Over 10 years behind the scenes at one of the most respected brands in commerical radio – KFOG/KSAN San Francisco Creative Director Jeff Schmidt blogs about the tidal wave of change taking place in media, marketing, branding and customer experience innovation.
All postings here reflect the personal opinions of Jeff Schmidt and do not in any way represent official opinions, positions or policies of KFOG/KSAN radio stations or Cumulus Broadcasting/ Cumulus Media Partners.e-mail firstname.lastname@example.org
Precipice is about discovery and exploration of the Edges – the space where old methods, habits and conventional wisdom are challenged and innovations erupt.
We’re at a place where the traditional tried and true methods of doing business still function – but they are beginning to loose effectiveness and relevance in the face of emerging technology/media and it’s influence on entertainment markets.
What does this mean?
* Interruption based models are in danger of stagnation as people increasingly view time as more valuable than cash.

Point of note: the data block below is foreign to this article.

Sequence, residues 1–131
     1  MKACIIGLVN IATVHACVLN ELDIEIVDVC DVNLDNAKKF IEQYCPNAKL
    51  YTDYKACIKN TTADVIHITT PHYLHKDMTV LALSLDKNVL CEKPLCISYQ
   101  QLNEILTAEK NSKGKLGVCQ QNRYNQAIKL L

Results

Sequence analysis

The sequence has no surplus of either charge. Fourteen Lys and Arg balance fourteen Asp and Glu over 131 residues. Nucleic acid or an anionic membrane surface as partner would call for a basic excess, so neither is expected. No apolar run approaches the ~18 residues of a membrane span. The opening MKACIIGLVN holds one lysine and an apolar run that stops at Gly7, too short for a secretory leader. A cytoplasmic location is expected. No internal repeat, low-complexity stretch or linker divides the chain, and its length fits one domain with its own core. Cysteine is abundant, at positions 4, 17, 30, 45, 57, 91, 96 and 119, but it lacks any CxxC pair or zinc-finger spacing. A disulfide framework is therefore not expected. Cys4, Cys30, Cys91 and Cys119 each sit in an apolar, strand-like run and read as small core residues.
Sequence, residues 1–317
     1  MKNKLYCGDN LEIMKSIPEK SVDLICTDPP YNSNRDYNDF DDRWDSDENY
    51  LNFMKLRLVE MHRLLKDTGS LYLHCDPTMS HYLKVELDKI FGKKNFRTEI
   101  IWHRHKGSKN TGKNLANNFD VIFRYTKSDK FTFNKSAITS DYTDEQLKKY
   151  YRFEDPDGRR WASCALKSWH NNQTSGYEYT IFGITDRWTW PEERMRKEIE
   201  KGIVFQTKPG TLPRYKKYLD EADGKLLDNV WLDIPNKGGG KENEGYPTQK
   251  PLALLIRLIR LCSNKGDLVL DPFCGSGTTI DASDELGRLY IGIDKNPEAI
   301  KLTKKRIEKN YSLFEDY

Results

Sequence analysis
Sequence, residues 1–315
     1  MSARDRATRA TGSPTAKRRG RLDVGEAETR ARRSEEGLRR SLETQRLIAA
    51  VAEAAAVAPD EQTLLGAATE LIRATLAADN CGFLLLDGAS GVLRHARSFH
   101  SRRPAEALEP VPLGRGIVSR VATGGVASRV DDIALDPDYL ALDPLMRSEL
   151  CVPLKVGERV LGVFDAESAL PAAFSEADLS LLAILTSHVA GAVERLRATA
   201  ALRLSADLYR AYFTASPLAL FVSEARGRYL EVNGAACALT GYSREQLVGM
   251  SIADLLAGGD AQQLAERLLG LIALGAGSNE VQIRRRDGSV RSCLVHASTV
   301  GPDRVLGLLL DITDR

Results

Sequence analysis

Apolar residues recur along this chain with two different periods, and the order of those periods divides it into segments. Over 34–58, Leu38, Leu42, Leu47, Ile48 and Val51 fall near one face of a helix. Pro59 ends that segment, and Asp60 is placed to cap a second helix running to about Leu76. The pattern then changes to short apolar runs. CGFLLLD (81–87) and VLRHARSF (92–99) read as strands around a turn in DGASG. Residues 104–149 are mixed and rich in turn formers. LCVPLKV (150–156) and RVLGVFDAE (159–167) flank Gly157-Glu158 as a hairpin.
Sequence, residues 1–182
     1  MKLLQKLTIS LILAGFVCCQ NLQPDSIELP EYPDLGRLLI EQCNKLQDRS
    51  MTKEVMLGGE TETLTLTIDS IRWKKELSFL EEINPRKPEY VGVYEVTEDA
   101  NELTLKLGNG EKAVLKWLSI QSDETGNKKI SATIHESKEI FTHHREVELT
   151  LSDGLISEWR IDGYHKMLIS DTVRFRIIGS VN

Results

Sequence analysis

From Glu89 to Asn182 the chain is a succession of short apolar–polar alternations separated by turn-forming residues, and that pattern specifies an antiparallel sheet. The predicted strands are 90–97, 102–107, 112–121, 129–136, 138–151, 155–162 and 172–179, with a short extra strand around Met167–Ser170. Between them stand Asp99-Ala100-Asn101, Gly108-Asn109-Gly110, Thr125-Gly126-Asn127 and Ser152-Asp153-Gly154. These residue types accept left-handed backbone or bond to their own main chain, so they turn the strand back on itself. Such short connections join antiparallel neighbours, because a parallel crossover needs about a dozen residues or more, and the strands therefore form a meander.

* More and more people will pay (with cash and/or effort) to avoid having their entertainment and information interrupted (thus their time wasted) by irrelevant commercial messages and come-ons.
* Internet based models are allowing advertisers to hyper target distinct messages to distinct people in the moment the message will be most relevant. This will radically alter the expectations advertisers have of ALL media.
* Advertisers will become conditioned to only pay for the RESULTS their marketing delivers – not the amount of time it take to deliver a message on on widely unfocused mass networks.
* Medium owners will have to offer far more than “time on the network” or a certain number of “shouts” to thrive and grow.
* Medium owners will have to find ways to help advertisers craft compelling offers and place those offers in front of the right people at the right time. Medium owners that can’t do this will stagnate.
* Shout & Obey Branding is dead. Audiences control brands now – not companies. You can shout your slogans at me – but if my friend tells me you’re a liar – who do you think I’m going to believe – my friend or your ad?
* The brand is not what you tell your audience to think about you and your product. The brand is what the audience tells each other about you and your product. Those who don’t know there’s a difference are screwed.